Never before have I found the aftertaste of a novel to be more powerful than the novel itself. In the days that followed my reading of The Marriage Plot, the novel sank into my brain like a slow wave of awareness overcoming me. Bits of it would return and smack me in the face as I looked at love and life around me. Deresiewicz entirely missed the point. This was not a novel about young people finding their way in the world, it was a novel about the consequentiality of love in our time. The marriage plot refers to the structure of a Victorian novel in which marriage was the be-all and end-all. The finality of marriage in that time was what made it so important and so dramatic and so weighty for the characters to get married or to pursue that. It was the ultimate goal of love, a move to secure financial goals, societal goals and familial expectations. The love itself was really sort of secondary. Now, Eugenides subtly but brilliantly asserts in his novel, the consequentiality of our love is not what we do with it, but what it does to us. With marriage stripped of its weight, becoming a sort of romantic, knee-jerk impulse or a strategic financial move, love takes on a life and weight of its own. While love was once a vehicle used to travel to marriage, it is now a vehicle to travel to transformation, which is not a destination or an end-goal at all, but an on-going journey. It’s about the journey, not really where you end up, which is why in Eugenides’ novel, nobody ends up anywhere. They continue their journey.

The novel’s female character, Madeleine, is stifled by her love. She becomes an in-service, overshadowed mistress to her boyfriend, Leonard, who has a significant mental illness. She’s intelligent and beautiful and could probably have any man she wants, yet because she loves Leonard, she installs herself under the crushing weight of the man and his illness. Leonard himself appears to be perfectly healthy in the beginning of the novel, but when he falls in love with Madeleine and realizes that this has an actual affect on him—it changes his behavior, his thoughts, his motivations, his life—he falls into his mental illness and appears to swim about helplessly and almost indulgently in the throes of it, Madeleine’s service to him only bolstering and enabling that illness.

The third character, Mitchell, spends almost the entire novel in love with Madeleine. The very idea of her motivates him to travel around the world, to alter his perception of people and of life and love, and then at the very end, because love is no longer locked into the finality of marriage or the weight of that institution, this changes for Mitchell and, now motivated by the love he used to feel for Madeleine, his journey takes a turn and continues.

The Marriage Plot was a powerful snapshot of what has happened to love, or rather its impact, and the author makes no definite comment about the consequences of that. Like a poet, he seems to prefer to leave his assertions up to interpretation. Its impact still hits me sometimes, as I recall a phrase or a situation and apply it to my own life or those around me.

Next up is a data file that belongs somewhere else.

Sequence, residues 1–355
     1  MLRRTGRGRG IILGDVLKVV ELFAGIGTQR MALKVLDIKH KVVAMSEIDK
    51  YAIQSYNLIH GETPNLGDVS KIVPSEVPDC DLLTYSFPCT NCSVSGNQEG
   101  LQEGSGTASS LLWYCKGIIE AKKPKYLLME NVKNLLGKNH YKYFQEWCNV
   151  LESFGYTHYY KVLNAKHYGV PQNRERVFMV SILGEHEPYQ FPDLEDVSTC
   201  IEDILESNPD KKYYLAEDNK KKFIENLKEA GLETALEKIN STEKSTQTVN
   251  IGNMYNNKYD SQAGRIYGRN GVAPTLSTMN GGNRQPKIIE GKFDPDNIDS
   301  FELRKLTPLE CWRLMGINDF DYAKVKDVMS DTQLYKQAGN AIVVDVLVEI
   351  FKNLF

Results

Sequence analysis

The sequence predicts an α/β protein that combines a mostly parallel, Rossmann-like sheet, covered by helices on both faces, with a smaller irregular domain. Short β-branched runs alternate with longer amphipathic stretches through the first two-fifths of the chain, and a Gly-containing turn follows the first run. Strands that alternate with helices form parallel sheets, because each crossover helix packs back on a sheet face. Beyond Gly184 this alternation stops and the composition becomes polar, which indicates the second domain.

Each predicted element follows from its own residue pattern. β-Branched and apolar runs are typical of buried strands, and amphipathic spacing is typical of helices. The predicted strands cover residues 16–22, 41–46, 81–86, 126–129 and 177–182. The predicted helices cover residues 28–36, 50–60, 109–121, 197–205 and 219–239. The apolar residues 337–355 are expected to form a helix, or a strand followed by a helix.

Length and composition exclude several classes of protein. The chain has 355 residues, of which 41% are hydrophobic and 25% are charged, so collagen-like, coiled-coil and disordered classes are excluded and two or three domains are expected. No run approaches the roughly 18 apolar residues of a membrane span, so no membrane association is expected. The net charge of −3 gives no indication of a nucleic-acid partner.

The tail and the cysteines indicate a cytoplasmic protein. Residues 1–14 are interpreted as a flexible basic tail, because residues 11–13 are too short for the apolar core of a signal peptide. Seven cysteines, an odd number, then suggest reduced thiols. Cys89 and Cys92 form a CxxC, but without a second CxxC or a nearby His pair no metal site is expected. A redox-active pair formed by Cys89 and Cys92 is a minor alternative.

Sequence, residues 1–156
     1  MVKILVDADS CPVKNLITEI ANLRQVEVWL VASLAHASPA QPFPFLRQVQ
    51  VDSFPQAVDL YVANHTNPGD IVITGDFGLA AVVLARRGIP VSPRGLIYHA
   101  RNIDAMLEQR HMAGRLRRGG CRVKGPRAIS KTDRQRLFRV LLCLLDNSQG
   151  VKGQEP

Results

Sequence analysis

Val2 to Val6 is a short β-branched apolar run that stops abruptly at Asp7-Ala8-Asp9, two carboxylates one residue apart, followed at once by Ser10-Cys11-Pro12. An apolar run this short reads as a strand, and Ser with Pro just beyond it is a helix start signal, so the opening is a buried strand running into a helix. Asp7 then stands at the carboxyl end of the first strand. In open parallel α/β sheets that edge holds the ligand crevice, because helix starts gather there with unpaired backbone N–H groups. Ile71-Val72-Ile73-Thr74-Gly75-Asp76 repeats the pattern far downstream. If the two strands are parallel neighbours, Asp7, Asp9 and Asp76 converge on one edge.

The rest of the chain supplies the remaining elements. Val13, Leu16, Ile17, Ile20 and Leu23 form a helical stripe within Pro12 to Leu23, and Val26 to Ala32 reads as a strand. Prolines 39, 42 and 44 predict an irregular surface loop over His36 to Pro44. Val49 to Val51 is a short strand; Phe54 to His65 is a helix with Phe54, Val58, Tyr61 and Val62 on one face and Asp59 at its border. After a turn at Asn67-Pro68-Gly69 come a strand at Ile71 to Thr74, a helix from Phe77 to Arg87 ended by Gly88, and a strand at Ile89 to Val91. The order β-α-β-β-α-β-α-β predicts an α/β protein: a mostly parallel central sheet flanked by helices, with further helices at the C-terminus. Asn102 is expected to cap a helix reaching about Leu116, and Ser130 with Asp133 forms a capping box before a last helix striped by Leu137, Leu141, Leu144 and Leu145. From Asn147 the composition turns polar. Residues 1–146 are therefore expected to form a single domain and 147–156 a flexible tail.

In the novel, Leonard is a scientist studying yeast cells, which are interesting because they closely resemble human sex cells. During a heated argument with Madeleine, he makes the observation that these yeast cells, when in crisis, immediately separate as a matter of course because it is easier to protect themselves as single cells in the face of crisis. I would have paid full cover price just to let Eugenides drop this one exquisite metaphor on me.

QueryDice #14

The following is a query critique. Comments, suggestions and discussion are welcome and we hope you join in. I can only offer one opinion. The author of the query and I would love to hear yours!

Dear Ms. Ruth,

I would be delighted to submit for your consideration, Sidewalk Flower, my dark, romantic women’s fiction novel which is complete at just under 104,000 words.

In Sidewalk Flower, a musician’s assistant determined to leave the seedy grit of Rock Star, California for the downhome love of her southern boyfriend must endure one last cruel night in her old world first.

Ironically, the above sentence, which serves as both the introduction to and summary of your book, is too long but doesn’t tell us enough. Unfortunately, the result of this is a shrug from me. I’m thinking, “So? And?”

My gut tells me there’s something interesting here. The title is intriguing, as is the main character’s vocation. You’ve got 104,000 words that you’ve attempted to sum up in less than 40. I’d like your query to be roughly 250 words, give or take.

I think I can speak for my readers, too, when I say I’d like to see a do-over!

While as yet unpublished, I am a member of RWA, my local WRW chapter, and the women fiction writers group, Waterworld Mermaids.

I greatly appreciate your time and consideration and hope to hear from you if my work seems a good fit.

Sincerely,

[redacted]

A Visit from Published Author, Stacey Kennedy

  Writing the Dreaded Query Letter…

No doubt, the query letter is scary! How are you able to sum up your book into one page to snag the agent’s/editor’s attention? Lauren’s blog has been so fantastic at showing examples of queries, explaining what works and what doesn’t. I wish I had this resource when I first started out. When I sent out my first query, I had no idea what I was doing…so today, I’m going to share what I’ve learned to maybe help an author who is staring at their computer wondering what to do.